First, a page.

Syrian Army advances on rebel-held bastion near Israel-Lebanon border
The enclave of Beit Jinn is the last rebel-held bastion in Western Ghouta – the Syrian Army and its allies began an operation to retake the area two months ago.
The Syrian Army has advanced towards the enclave of Beit Jinn near a strategic area at the Israeli-Lebanese border, Reuters reported citing rebel sources.
The Syrian military has encircled the village of Mughr al Meer at the foothills of Mount Hermon as troops moved towards the bastion of Beit Jin amid intense clashes, in a major operation against militants.
Beit Jinn is the last rebel stronghold in Western Ghouta, southwest of Damascus, an area that has been under government control since last year.
The offensive was supported by airstrikes and heavy artillery shelling.
Israel has been worried about the growing Iranian influence in Syria after the defeat of Daesh.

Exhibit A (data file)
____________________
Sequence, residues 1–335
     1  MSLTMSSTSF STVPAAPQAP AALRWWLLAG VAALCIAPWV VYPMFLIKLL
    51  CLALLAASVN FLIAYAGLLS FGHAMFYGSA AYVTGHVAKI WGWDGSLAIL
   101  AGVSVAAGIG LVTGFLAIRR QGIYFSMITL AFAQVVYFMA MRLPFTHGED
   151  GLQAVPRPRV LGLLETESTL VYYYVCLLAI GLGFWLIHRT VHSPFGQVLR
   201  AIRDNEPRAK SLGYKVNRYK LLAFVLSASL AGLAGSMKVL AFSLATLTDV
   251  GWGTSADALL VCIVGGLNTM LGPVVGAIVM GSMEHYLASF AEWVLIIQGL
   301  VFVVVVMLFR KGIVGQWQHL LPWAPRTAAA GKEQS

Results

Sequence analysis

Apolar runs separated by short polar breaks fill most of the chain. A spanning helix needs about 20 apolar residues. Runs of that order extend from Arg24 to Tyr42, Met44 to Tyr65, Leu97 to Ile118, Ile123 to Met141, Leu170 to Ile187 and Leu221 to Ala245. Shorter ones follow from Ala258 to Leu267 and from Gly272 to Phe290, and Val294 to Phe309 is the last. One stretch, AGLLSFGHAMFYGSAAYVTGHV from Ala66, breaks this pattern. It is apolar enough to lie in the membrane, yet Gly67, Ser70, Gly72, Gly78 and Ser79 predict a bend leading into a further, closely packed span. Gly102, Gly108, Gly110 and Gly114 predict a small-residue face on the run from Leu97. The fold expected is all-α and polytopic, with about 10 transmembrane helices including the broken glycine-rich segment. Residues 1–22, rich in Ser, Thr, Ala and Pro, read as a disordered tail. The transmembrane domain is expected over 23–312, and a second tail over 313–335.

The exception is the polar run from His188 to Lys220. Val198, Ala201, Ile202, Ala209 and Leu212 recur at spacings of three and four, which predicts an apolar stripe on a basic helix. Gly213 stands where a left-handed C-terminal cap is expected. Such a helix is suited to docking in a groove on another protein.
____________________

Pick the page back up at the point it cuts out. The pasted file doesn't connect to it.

Earlier this month, Israeli Prime Minister Benjamin Netanyahu said Israel will not allow Iran to “entrench itself militarily in Syria.”
In recent weeks, Israel has carried out several airstrikes against what it said to be suspected Iranian targets in Syria.
Tehran has repeatedly denied reports of having a base in Syria as well as conducting military operations there, however, stressed its cooperation with Damascus in the fight against terrorist organizations, including Daesh, and acts as one of the guarantors of the ceasefire in the country jointly with Russia and Turkey.
While Syria and Israel, which have never signed a peace treaty, have repeatedly exchanged multiple tit-for-tat attacks, Netanyahu stated that Tel Aviv is free to act in Syria for the sake of its security.
Damascus has never recognized the establishment of the Israeli state in 1948, while the occupied region of the Golan Heights has been at the center of the conflict between the two Middle Eastern states.
Israel occupied the Golan Heights during the Six-Day War in 1967, with the international community refusing to recognize Israel’s annexation of the territory.